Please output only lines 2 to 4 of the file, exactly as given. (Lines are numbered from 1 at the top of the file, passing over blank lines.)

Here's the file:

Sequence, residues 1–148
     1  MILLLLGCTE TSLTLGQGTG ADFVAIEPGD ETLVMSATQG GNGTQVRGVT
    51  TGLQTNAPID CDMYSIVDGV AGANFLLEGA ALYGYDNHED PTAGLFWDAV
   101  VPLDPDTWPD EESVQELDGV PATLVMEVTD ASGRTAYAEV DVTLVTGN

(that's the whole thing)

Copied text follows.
     1  MILLLLGCTE TSLTLGQGTG ADFVAIEPGD ETLVMSATQG GNGTQVRGVT
    51  TGLQTNAPID CDMYSIVDGV AGANFLLEGA ALYGYDNHED PTAGLFWDAV
   101  VPLDPDTWPD EESVQELDGV PATLVMEVTD ASGRTAYAEV DVTLVTGN